mingw-get update mingw-get upgrade
And then get required packages.
mingw-get install autoconf bash msys-bison msys-flex gcc gcc-c++ \ gcc-fortran gettext msys-m4 msys-make msys-sed \ libiconv msys-openssl msys-patch msys-perl \ msys-libarchive msys-unzip msys-wget msys-bsdtar
You will also need to install Windows versions of Python and Ghostscript and ensure they are in visible in the PATH.
zypper install -R autoconf automake bash bison bzip2 \ cmake flex gcc-c++ gettext-tools git \ intltool libffi-devel libtool make openssl \ libopenssl-devel patch perl \ perl-XML-Parser pkg-config scons \ sed unzip wget xz yasm
On 64-bit openSUSE, install also:
zypper install -R gcc-32bit glibc-devel-32bit \ libgcc46-32bit libgomp46-32bit \ libstdc++46-devel-32bit
Creating an NSIS based installer
make nsis-installer command produces a NSIS installer that is ready to be distributed.
Trying out cross-built Octave on Linux through VirtualBox
Micosoft makes pre-built Windows 10 virtual disk images available for testing. While primarily meant for testing the MS-Edge browser, the license for these images does not limit the use of these images to just MS-Edge. So it is perfectly possible to also test Octave. There are several advantages:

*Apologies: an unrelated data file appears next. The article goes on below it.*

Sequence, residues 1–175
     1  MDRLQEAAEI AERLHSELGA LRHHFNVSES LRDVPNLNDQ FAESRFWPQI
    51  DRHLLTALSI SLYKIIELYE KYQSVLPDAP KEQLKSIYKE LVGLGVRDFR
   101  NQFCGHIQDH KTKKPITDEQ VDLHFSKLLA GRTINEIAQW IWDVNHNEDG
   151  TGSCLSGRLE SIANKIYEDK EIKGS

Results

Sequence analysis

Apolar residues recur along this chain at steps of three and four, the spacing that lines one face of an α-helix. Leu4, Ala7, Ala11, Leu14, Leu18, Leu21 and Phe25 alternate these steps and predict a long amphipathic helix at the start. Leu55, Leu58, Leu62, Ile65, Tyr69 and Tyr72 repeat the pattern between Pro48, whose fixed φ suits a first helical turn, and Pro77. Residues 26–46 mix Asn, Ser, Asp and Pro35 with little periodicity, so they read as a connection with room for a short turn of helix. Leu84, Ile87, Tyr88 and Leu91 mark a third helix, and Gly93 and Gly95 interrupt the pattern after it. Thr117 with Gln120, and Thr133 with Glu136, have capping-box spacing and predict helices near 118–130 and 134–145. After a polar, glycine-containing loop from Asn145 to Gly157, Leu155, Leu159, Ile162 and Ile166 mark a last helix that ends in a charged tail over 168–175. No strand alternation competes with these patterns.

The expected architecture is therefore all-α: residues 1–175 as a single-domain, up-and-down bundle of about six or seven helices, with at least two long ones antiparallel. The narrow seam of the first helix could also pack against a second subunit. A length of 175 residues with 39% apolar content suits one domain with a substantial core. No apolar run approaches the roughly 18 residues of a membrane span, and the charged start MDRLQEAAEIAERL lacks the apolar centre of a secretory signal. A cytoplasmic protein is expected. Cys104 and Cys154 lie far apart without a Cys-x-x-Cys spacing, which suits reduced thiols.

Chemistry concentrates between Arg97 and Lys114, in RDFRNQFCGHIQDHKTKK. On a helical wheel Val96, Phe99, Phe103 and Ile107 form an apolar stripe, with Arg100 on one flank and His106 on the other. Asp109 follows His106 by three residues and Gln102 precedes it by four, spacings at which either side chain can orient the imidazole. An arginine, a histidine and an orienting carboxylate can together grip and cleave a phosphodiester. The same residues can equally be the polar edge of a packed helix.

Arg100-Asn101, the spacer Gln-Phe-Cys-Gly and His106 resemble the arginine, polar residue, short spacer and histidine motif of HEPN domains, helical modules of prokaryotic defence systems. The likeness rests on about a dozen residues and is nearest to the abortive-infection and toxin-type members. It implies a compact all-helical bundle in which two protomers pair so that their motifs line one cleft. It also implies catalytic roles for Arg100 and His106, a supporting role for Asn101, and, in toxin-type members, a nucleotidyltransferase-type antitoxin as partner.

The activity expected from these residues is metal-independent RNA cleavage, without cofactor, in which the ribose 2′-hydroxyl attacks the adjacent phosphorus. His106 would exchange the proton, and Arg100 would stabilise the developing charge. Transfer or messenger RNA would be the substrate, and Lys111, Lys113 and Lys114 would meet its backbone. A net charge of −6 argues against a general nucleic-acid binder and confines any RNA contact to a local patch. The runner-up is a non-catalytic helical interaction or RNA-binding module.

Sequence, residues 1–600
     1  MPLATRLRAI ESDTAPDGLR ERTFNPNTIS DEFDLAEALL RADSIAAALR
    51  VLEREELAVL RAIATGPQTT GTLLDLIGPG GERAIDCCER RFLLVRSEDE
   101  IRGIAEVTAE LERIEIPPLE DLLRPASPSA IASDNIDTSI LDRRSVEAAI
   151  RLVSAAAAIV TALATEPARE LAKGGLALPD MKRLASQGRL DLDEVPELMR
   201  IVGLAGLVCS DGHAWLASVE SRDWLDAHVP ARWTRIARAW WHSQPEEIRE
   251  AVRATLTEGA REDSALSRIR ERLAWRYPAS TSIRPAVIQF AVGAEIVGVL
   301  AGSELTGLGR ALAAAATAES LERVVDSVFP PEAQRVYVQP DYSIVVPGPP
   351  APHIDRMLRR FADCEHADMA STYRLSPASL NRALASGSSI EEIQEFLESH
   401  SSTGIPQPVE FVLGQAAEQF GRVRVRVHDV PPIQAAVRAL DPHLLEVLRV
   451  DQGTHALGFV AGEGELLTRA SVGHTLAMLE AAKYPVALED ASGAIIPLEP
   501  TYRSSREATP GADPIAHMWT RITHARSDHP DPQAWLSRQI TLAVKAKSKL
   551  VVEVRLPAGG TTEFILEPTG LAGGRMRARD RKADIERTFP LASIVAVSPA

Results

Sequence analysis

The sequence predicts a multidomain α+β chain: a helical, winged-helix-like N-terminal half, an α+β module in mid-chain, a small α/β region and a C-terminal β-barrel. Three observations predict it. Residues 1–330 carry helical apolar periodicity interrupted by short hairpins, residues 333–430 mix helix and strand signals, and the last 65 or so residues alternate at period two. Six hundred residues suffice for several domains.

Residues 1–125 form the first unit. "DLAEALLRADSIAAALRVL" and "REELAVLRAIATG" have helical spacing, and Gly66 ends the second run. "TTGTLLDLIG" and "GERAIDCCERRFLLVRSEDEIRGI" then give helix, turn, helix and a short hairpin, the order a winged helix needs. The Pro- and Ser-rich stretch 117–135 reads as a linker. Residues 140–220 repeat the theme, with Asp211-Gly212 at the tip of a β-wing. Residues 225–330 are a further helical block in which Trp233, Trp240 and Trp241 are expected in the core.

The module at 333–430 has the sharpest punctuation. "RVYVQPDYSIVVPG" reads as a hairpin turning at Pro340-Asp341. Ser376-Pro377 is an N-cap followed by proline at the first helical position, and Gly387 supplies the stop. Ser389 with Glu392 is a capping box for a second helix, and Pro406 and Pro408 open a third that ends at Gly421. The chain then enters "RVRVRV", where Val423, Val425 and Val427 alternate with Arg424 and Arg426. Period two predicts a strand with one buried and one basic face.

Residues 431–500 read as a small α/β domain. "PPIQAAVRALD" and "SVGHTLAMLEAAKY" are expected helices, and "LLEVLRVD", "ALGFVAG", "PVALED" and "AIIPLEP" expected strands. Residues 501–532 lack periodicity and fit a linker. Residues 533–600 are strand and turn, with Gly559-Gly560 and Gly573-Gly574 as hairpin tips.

- Rebooting from Linux to Windows isn't needed;
- The latest Windows 10 version is always available;
- Building the installer or zip/7z/<whatever> archives itself isn't needed. One can interrupt the build process after the entire installation of Octave has been made in the dist/octave subdirectory of mxe-octave, i.e., when the message "generating installer" (or "zip...") is shown, saving ~10-15 minutes.
Of course one an also install (or unpack) octave into the virtualized Windows 10.
- Install Virtualbox
- Grab a copy of the Windows 10 image here: https://developer.microsoft.com/en-us/microsoft-edge/tools/vms/
- Unpack and import the disk image into VirtualBox.
- In VirtualBox, select Settings | Shared folders and setup access from Windows 10 to the Linux subdir where you but mxe-octave. It is advised to make it read-only.
- Either install (or unpack) Octave into Windows 10, or
- Create a shortcut to octave.vbs in the dist/octave subdir on Linux.
- I adapted mxe-octave/binary-dist-rules.mk to have a consistent name for the dist/octave subdir (i.e., without time/date/bitwidth suffixes) so that in Windows the shortcut doesn't need adaptation after each cross-build action. Maybe it is better if binary-dist-rules.mk has a rule to create a symlink "dist/octave/" pointing to the latest cross-build.
- The image expires after 90 days. But if you make a VirtualBox snapshot it will last longer, and you don't need to uninstall Octave each time before installing a new build.